Read our PCC briefing on commissioning victim services that meet the needs of people with mental health problems.
We're here to help you commission and co-ordinate local services that ensure people with mental health problems get the support they need when they are victims of crime, and help to prevent them being victims in the future.
We’ve seen great examples of police providing excellent support to victims of crime with mental health problems, and have showcased these in our new good practice guide, Police and mental health: How to get it right locally.
However, we also know from Victim Support’s report, At risk, yet dismissed, that too many people are still not believed and have their experience dismissed. The report provides key recommendations on how to plan your victim support services.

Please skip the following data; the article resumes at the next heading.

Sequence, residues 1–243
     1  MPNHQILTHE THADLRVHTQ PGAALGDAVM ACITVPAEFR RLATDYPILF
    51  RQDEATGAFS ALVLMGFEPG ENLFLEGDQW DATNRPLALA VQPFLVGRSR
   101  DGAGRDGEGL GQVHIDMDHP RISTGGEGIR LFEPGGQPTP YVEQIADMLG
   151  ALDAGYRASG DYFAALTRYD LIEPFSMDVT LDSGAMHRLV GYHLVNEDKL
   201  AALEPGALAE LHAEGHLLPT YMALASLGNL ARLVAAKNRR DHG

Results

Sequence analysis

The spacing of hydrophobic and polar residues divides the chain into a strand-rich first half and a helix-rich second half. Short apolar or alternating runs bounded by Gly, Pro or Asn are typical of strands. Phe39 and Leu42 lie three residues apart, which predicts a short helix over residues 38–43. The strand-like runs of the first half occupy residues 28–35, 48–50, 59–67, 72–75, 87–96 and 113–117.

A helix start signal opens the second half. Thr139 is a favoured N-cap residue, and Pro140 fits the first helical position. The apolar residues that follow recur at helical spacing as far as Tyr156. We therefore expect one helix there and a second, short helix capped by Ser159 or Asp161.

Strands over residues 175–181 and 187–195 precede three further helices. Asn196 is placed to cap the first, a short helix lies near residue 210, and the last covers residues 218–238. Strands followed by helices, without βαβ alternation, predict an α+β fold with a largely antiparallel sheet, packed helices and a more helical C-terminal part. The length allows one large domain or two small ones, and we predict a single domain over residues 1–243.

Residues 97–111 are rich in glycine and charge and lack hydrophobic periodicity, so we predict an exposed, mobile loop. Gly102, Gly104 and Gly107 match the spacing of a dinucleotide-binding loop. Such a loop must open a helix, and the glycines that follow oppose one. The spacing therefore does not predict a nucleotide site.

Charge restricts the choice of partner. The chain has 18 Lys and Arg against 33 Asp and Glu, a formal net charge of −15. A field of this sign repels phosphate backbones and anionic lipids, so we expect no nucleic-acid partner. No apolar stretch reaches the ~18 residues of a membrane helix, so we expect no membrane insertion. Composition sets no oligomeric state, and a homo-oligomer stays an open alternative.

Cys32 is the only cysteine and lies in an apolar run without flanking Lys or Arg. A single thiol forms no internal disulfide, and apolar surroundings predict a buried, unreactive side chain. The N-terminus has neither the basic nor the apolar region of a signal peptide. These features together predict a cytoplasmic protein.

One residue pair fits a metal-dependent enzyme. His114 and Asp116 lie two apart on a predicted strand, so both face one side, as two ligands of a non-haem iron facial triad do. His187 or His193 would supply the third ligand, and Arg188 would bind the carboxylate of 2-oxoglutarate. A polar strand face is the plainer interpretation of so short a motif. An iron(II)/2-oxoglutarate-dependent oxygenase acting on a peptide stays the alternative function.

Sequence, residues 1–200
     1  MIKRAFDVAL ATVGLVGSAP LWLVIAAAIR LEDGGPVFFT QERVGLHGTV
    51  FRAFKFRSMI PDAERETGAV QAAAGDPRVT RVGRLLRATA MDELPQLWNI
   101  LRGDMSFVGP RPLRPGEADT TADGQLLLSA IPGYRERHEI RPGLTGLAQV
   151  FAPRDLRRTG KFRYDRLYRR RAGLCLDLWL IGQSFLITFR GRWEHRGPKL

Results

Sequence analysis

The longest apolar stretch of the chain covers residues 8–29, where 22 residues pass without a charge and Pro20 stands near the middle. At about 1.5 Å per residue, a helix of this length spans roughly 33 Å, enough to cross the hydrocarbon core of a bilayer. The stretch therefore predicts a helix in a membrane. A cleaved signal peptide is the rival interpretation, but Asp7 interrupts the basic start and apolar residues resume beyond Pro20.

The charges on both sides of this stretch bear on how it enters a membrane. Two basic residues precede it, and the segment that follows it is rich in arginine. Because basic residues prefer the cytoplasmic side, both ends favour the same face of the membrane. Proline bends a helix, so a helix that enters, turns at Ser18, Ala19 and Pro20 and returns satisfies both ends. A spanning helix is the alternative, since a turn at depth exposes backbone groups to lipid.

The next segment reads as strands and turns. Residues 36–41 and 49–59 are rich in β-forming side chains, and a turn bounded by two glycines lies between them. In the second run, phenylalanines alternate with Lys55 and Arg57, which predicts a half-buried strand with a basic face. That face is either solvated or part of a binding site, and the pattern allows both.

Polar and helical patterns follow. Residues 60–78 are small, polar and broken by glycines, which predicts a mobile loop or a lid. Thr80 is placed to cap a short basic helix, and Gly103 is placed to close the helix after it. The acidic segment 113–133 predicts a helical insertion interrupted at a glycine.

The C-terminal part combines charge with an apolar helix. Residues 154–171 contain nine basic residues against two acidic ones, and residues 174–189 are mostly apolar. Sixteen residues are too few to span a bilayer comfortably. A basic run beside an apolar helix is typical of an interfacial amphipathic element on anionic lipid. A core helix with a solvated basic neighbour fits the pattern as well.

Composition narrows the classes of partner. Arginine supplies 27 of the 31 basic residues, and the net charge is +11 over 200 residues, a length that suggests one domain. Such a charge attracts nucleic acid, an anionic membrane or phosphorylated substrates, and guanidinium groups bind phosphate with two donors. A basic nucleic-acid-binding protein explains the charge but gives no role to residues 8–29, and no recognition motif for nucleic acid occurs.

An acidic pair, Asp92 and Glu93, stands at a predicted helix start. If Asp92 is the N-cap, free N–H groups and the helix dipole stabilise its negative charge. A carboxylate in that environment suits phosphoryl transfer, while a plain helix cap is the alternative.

Greater awareness training can help you and your colleagues better understand that people with mental health problems are at increased risk of being victims and provide you with the skills to identify and respond to their needs appropriately.
Someone with a mental health problem needs to feel confident that they’ll be taken seriously and treated properly when they report a crime.
If someone discloses their mental health problem, your response needs to be sensitive and understanding, and where possible reasonable adjustments should be made.
PCCs need to prioritise mental health and ensure that the views of people with mental health problems are taken into account.
By working in partnership with other services you can help the victim get the support they need and prevent them being a victim in the future.